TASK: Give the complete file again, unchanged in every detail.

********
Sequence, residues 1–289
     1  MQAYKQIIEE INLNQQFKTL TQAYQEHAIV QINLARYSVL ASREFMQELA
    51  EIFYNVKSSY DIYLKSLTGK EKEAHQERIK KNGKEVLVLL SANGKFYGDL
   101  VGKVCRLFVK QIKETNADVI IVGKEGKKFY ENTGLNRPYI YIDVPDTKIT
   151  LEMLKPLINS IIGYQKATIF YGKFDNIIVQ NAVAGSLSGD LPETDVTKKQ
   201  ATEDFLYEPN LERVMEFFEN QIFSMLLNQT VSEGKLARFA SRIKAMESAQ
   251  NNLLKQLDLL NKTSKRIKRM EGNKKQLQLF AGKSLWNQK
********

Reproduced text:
Sequence, residues 1–289
     1  MQAYKQIIEE INLNQQFKTL TQAYQEHAIV QINLARYSVL ASREFMQELA
    51  EIFYNVKSSY DIYLKSLTGK EKEAHQERIK KNGKEVLVLL SANGKFYGDL
   101  VGKVCRLFVK QIKETNADVI IVGKEGKKFY ENTGLNRPYI YIDVPDTKIT
   151  LEMLKPLINS IIGYQKATIF YGKFDNIIVQ NAVAGSLSGD LPETDVTKKQ
   201  ATEDFLYEPN LERVMEFFEN QIFSMLLNQT VSEGKLARFA SRIKAMESAQ
   251  NNLLKQLDLL NKTSKRIKRM EGNKKQLQLF AGKSLWNQK